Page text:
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This past April, Zach Bragg posted his resume on LinkedIn eager to get noticed and land a job in sports media. The graduating senior’s post went viral, receiving over 1,280 shares, 8,000 comments and 1.4 million views.

Even with all of that activity, Zach wound up with:

  • Roughly 40 phone calls with recruiters (0.5 percent of total comments and 0.002 percent of total views).
  • 15 in-person interviews from the calls.
  • 3 companies that he’s still speaking with and enthusiastic about.

The real story here is that after all of the attention Zach’s post garnered, he’s still dealing with a drawn-out, strenuous job search.

Actually, Zach noticed that he got so many irrelevant messages that he ultimately had to stop responding. He was inundated by the process. Since he had no way of categorizing and arranging all the comments and messages, he worried that he was missing out on pertinent prospects buried under the immaterial influx.

Zach’s experience is commonplace, an unfortunate result of a broken system that prefers quantity over quality relevancy. Job seekers are overwhelmed, as they apply to hundreds of job postings, and recruiters are overwhelmed, as they review hundreds of inapposite resumes. Both parties feel like they’re trapped in a vicious circle, by virtue of the quantity problem within the recruitment process.

That issue can be tracked to 2 issues: resume and job descriptions. Neither tool enables job seekers to attain the jobs they aspire to, and in the end, they create problems for everyone involved.

In spite of all the time and effort job seekers expend, the job hunt is often lengthy, vexing and disheartening. Here’s why the search is such an ordeal—and what needs to change for it to progress:

People think that if they send they resume to a plethora of jobs, they’re going to be hired

Take Zach, for example—over 1.4 million people viewed his resume, but he only wound up with 40 phone calls. Less than half of those were pertinent to warrant a follow-up interview.

Meaning, he converted approximately 0.001 percent of those views into in-person interviews.

To some degree, the majority of job seekers understand they’re facing an uphill battle. According to Jobvite’s Recruiting Benchmark Report, only one in eight job seekers who applied for a job in 2017 landed an interview. Nevertheless, attaining an interview doesn’t mean you’ll attain the position. The conversion rate from interview to hire was a mere 28 percent in 2017.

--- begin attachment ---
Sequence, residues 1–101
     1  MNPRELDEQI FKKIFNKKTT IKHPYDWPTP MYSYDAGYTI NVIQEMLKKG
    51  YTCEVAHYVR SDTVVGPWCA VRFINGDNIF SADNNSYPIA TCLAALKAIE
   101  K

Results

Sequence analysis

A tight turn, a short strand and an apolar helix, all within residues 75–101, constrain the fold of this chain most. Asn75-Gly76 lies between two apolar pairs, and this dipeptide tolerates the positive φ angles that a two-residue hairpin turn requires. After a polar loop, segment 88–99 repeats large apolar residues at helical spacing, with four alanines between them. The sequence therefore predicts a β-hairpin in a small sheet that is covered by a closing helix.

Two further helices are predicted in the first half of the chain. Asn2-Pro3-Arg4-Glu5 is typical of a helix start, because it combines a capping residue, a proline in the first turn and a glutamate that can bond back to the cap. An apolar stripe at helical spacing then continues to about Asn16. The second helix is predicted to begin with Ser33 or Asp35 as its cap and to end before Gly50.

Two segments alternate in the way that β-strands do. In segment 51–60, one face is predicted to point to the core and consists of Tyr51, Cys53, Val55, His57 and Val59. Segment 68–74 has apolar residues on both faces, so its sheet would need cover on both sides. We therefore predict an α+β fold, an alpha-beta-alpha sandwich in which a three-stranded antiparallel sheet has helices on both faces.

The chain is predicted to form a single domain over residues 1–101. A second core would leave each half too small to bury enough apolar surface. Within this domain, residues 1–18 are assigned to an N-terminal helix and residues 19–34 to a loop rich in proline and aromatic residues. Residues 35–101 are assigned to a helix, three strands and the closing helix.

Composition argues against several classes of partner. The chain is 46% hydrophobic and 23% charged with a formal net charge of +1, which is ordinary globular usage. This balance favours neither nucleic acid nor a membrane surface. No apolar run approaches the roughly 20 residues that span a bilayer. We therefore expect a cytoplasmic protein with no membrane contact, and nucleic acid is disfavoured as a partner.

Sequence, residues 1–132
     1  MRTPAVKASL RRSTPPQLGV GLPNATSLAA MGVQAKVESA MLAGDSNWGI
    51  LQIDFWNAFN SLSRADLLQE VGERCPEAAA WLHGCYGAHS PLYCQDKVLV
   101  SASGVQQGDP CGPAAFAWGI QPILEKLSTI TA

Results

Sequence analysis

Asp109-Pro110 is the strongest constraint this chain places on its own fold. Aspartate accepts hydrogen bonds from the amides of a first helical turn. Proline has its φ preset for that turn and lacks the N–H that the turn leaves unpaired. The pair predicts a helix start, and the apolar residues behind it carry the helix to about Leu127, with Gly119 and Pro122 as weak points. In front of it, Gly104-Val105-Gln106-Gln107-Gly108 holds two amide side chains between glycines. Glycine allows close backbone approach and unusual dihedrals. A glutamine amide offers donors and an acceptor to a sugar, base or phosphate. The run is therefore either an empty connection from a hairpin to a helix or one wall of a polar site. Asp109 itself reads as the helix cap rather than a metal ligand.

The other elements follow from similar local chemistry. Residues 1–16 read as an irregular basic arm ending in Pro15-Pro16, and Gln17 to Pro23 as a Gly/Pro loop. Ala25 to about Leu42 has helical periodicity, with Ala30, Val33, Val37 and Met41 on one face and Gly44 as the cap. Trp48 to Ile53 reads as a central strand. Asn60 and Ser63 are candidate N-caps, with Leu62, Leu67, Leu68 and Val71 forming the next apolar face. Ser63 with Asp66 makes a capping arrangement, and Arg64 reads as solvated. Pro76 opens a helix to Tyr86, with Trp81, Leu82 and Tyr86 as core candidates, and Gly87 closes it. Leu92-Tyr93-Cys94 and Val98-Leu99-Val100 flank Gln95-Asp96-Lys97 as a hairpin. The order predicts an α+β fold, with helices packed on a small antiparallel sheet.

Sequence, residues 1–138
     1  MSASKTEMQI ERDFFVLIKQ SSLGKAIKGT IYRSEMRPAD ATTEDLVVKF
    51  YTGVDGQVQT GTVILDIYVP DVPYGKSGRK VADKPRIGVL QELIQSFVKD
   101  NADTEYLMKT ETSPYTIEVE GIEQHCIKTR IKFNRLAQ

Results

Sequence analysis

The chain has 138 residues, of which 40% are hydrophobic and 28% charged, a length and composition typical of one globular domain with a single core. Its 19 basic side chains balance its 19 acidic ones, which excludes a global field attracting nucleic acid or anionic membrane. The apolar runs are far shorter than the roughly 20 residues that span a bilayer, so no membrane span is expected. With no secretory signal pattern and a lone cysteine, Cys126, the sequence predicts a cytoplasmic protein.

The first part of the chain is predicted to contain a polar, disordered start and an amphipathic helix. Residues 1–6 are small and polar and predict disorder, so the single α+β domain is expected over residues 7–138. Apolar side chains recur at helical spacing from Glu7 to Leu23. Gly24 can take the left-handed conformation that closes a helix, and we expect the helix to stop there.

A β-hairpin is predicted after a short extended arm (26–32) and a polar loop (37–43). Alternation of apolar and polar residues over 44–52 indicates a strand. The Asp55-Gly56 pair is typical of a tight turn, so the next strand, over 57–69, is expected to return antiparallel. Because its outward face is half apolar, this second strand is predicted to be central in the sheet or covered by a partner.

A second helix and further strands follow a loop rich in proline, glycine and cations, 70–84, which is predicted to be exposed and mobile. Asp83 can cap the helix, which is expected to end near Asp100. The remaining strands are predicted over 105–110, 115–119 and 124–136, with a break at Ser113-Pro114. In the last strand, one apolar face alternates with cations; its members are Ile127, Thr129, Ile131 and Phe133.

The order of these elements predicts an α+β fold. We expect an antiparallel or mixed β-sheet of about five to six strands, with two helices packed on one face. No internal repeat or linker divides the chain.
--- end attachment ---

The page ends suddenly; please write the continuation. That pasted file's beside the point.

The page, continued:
Via such a low outcome, it stands to reason that job seekers send their resumes to as many jobs as they can.

Regrettably, all job seekers have to bank on when submitting is the job description. The challenge is that these descriptions don’t really describe the positing being offered. This was part of the reason why Zach’s 40 calls resulted in 15 interviews. After speaking on the phone with many of the people who had reached out to him, he realized that the positions didn’t align with the job description he had previously seen.

Excluding his extraordinary coverage, Zach’s experience isn’t unusual.

The vast majority of people applied for positions that seemed interesting in lieu of positions that would genuinely match their skillset.

That method appears to be sensible when in actuality it promotes the miscommunication between job seekers and companies. When the influx of resumes intensifies, it becomes increasingly problematic for recruiters to determine which job seekers are actually best suited for the position.

Companies must contend with a constant onslaught of resumes, but it’s a mind-boggling, ineffective progression

Recruiters also have an issue with inflow. A recruiter receives approximately 250 resumes per job opening. Conceivably, an individual can’t possibly review 250 resumes and choose job seekers who will be ideal for the role.

When they try to review each resume, recruiters spend approximately six seconds on each one. Six seconds to decide if a job seeker fits the position.

The vast majority of companies attempt to manage the massive influx of resume by enlisting technology. But the tools they use—such keyword matching—are nothing more than flawed tech employing flawed data.

Contrary to identifying job seekers who would truly succeed in the position, they’re hindered by job seekers who fine-tuned their resumes to include popular keywords

Virtually everyone knows a resume must be “optimized” for keywords to pass muster with the filters that companies use. Rather than demonstrating real-world skills, the vast majority of resumes just showcase some essential keywords.

Career Identification is valuable tool in helping job seekers determine roles they would best be suited for, thereby streamlining the job search process, with a possibility of more relevant job offers.

The final outcome: Job seekers and companies are relying on flawed data to evaluate one another—and neither genuinely comprehends the advantages or benefits of the other.

Most job seekers won’t acquire 1.4 million resume views. But the fact of the matter is, the number of individuals reviewing a resume doesn’t really matter when those views don’t result in pertinent job offers. Luckily, with the right technology, we can efficiently recognize a job seeker’s worth in relation to a particular job, resulting in a happy medium for individuals and companies alike.